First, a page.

SampleResult.setResponseData(result.toString().getBytes());               // set sampler response to insert result




This is how your response should look:



{ "serverUsed" : "/" , "n" : 0 , "connectionId" : 248 , "err" :  null  , "ok" : 1.0}



Now you can re-run the scenario “How to Get the Count of the Documents in the Collection to make sure that the number of documents in the“zips” collection will be incremented by one.



How to Find One Document



Now let’s learn how to issue the “find()” command by using the JSR223 Sampler.



In order to find one document containing “city” : “BABYLON”,  we need to invoke the DBCollection.findOne() method and pass the desired city name as a parameter. As we already know how to construct a DBObject to pass as a parameter, we just need to create one per query and add it to the DBCollection.findOne() method.






import com.mongodb.*  // import all the mongodb.* stuff
import org.apache.jmeter.protocol.mongodb.config.MongoDBHolder;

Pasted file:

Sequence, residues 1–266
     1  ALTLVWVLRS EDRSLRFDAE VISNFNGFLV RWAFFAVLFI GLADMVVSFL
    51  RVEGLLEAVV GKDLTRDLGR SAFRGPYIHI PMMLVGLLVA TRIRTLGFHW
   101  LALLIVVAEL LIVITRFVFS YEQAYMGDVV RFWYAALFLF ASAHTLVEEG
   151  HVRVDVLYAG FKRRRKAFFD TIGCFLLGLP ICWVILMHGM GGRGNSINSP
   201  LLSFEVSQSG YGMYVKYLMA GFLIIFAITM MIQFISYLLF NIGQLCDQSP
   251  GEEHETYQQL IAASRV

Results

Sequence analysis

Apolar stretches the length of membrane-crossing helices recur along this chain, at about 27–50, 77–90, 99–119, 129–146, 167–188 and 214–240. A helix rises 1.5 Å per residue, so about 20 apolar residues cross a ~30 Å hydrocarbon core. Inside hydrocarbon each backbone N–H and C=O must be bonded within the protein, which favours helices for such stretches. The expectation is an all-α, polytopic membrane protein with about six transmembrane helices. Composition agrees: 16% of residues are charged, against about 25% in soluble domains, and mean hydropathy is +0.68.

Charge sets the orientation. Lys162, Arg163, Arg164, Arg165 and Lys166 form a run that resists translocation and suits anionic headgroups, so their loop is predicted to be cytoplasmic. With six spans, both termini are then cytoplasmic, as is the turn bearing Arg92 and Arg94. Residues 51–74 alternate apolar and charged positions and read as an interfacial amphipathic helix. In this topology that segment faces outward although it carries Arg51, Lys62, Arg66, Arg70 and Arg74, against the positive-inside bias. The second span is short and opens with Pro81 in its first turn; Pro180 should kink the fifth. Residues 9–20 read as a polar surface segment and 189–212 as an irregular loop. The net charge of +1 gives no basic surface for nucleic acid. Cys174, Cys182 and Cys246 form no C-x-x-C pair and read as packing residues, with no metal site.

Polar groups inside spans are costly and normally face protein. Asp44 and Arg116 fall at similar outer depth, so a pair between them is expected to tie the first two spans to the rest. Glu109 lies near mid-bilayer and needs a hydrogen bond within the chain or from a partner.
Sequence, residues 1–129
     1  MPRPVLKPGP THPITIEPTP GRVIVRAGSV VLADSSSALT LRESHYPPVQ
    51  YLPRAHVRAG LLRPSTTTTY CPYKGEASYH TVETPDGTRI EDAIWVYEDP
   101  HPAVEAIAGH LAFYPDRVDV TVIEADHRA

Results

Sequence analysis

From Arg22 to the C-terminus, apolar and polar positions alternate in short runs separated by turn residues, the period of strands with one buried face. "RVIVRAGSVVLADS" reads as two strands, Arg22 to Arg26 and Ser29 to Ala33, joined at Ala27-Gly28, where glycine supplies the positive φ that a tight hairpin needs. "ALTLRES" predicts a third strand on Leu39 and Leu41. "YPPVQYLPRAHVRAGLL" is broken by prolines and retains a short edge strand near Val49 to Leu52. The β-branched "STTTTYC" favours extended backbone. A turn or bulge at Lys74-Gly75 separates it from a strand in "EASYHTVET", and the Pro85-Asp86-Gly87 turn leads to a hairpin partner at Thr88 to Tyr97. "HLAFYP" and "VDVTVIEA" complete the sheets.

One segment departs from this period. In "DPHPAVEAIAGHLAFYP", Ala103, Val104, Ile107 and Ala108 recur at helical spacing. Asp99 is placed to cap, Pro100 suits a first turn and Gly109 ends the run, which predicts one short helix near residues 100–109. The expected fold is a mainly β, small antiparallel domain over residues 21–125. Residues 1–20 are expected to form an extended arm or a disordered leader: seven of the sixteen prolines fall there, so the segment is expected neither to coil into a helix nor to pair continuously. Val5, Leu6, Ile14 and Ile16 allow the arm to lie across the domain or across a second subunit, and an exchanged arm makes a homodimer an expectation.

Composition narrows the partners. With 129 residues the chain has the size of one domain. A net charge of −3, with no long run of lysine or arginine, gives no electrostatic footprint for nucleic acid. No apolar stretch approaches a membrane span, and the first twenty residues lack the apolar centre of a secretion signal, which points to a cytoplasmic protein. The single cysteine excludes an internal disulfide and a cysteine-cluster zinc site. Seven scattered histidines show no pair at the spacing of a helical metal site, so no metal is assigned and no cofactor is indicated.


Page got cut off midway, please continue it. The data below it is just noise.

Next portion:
DB db = MongoDBHolder.getDBFromSource("blazemeter", "test");
DBCollection collection = db.getCollection("zips");

BasicDBObject query = new BasicDBObject("city", "BABYLON"); // create DBObject holding the query
DBObject result = collection.findOne(query);  // execute the query and store outcome into "result" DBObject

SampleResult.setResponseData(result.toString().getBytes()); // set JSR223 sampler response to "result"




You should be able to see the document in the “Response Data” for the JSR223 Sampler in the View Results Tree Listener (just like in the MongoDB Script).



How to Find Multiple Documents



The query which returns multiple documents is pretty much the same as the query for one document. However, the DBCursor will be returned instead of the DBObject - so the results need to be handled a bit differently.



The DBCursor gives two methods which allow you to iterate through nested DBObjects:



  • hasNext() -  checks whether another DBObject is available, it so - returns “true”, elsewise - “false”

  • next() - returns current DBObject and moves the cursor to the next one



Here’s how it looks when you put everything together:





import com.mongodb.*  // import all the mongodb.* stuff
import org.apache.jmeter.protocol.mongodb.config.MongoDBHolder;

DB db = MongoDBHolder.getDBFromSource("blazemeter", "test");
DBCollection collection = db.getCollection("zips");

BasicDBObject query = new BasicDBObject("city", "NEW YORK");
DBCursor cursor = collection.find(query);  // execute the query and get DBCursor instance
StringBuilder resultBuilder = new StringBuilder(); // initialize StringBuilder to construct response